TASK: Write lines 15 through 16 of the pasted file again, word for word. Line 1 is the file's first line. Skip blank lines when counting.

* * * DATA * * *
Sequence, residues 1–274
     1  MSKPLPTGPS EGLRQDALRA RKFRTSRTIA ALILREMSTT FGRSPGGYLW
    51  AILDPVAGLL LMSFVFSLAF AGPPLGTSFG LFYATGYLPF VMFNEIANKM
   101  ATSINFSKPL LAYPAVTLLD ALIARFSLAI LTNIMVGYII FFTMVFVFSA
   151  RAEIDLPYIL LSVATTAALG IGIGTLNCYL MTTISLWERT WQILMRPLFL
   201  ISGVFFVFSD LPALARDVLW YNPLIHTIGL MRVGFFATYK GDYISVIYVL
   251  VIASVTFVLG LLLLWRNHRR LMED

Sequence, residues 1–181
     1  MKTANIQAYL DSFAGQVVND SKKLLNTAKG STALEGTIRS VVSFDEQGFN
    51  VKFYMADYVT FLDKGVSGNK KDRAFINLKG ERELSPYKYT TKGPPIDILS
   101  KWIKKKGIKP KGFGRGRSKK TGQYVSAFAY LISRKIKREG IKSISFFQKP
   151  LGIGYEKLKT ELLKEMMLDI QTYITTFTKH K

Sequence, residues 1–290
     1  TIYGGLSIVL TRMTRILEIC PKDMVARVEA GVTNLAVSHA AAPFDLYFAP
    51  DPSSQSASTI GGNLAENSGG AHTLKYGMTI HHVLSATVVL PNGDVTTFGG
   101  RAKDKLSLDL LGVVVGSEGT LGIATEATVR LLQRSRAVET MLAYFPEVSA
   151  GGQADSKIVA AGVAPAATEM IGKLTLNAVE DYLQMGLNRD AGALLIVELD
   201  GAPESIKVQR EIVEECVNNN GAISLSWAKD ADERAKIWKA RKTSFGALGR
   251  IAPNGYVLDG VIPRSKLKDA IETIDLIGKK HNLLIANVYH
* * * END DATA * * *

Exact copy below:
    51  DPSSQSASTI GGNLAENSGG AHTLKYGMTI HHVLSATVVL PNGDVTTFGG
   101  RAKDKLSLDL LGVVVGSEGT LGIATEATVR LLQRSRAVET MLAYFPEVSA